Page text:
How can you make sure your employees love their jobs and aren’t at risk of attrition? According to a new study by the Center for Creative Leadership and Booz Allen Hamilton, the key is to be a good boss. “Employee Engagement: Has It Been a Bull Market”[PDF] tracked a number of factors leading to job satisfaction – and concluded, somewhat predictably, that good leadership is a key factor in retaining high performing employees.
According to John Ryan, President of the Center for Creative Leadership, “The greatest predictor of how long talented workers will stick around, however, is the relationship they have with their immediate boss.”
He continued, “Among those who strongly agreed that they work for a manager who cares about their well-being, 94 percent said they intend to stay with their current employer. Of those who strongly disagreed that their manager cared about their well-being, just 43 percent planned to stick around.”
The data emphasizes the importance of keeping employees happy coming out of the recession. The researchers found that, surprisingly, the highest levels of employee engagement corresponded to the highest number mass layoffs.
Additionally, “The pattern of engagement is the reverse of the pattern of key economic indicators. As the [Dow Jones Industrial Average] was falling, engagement was on the rise. In the same quarter that the DJIA reached a two-year low, engagement reached a two-year high.”
The researchers compared this behavior to the “paradox of choice,” wherein the fewer choices an individual has, the more likely they are to be happy with their ultimate decision – when people were more at risk to lose their job, they were happy to stay put. But as more opportunities seem to become available, that inkling to move to a new role is rising.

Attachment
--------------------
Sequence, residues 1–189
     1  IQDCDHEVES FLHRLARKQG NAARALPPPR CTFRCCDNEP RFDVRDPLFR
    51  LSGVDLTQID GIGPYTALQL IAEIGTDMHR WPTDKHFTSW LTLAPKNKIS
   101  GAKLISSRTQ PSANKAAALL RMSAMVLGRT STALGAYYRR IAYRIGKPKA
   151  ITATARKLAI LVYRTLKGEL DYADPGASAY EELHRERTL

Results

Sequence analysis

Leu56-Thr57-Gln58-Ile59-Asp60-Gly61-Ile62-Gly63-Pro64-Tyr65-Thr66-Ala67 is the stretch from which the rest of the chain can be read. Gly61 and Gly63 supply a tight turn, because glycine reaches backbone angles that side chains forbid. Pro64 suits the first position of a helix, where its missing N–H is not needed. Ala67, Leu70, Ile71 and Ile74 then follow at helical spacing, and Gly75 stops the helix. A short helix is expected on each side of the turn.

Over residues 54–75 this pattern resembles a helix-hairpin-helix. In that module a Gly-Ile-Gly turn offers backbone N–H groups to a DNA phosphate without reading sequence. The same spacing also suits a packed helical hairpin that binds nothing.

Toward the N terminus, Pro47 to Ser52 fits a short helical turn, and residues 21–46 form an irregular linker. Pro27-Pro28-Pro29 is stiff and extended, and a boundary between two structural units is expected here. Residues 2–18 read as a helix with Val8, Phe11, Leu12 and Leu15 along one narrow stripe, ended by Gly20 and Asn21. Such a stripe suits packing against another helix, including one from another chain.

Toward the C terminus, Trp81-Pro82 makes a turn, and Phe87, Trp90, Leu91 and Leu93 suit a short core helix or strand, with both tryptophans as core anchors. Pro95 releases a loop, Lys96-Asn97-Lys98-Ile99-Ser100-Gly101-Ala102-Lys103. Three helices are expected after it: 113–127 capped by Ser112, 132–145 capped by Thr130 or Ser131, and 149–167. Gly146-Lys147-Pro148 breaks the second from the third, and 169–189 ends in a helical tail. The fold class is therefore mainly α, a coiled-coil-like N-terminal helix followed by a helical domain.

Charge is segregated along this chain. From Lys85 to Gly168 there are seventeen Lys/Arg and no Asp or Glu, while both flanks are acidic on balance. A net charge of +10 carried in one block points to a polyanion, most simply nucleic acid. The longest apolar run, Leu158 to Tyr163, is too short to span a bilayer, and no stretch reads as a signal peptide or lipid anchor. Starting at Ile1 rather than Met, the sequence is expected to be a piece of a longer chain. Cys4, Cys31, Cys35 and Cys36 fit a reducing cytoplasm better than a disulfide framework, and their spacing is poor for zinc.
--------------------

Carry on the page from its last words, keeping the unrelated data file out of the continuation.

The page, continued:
The report says that whether employees ultimately stay comes down to the boss – and to make sure they’re doing a good job, companies should make sure leaders are trained to manage staff appropriately.
Fortunately, shortly following the release of CCL study, Adecco released another poll (of 700 employees and 300 bosses) revealing a few telling statistics on how workers see their managers – and where managers may be missing a few cues.
For example, Austin Carr of Fast Company explains,
“Only 15% of bosses described their own management style as commanding. About 23% of employees, on the other hand, reported their boss’s style to be commanding, and just 11% said being commanding was the desired style. ‘Bosses may not recognize how bossy they actually are,’ the report says.”
Paying attention to communication style is one important factor – and so is a willingness to engage in production. Carr continues,
“Bosses must be willing to get their hands dirty. When asked whether a good boss is willing to roll up his or her sleeves to help the team get the job done, nearly three-quarters completely agreed, with another 14% somewhat agreeing.”
And finally, bosses shouldn’t assume that their employees are out to follow in their footsteps. A full 70% of respondents reported that they were not aspiring to their boss’s job. Interestingly, respondents with children showed more interest in their boss’ job (39%), than those without children (23%).
But as both of these studies make clear, keeping employees happy is no longer just about compensation. Employees expected to be treated well personally – and senior level staff would do well to focus on becoming effective managers. As Ryan wrote:
“As conditions improve, it’s tempting and indeed necessary to charge ahead with innovative products, marketing campaigns, and improved business processes. Still, in the flurry of activity, it’s crucial not to lose sight of the wishes and needs of the women and men who are ultimately the cornerstone of our success. When they are satisfied, focused, and engaged, you see the results in the bottom line.”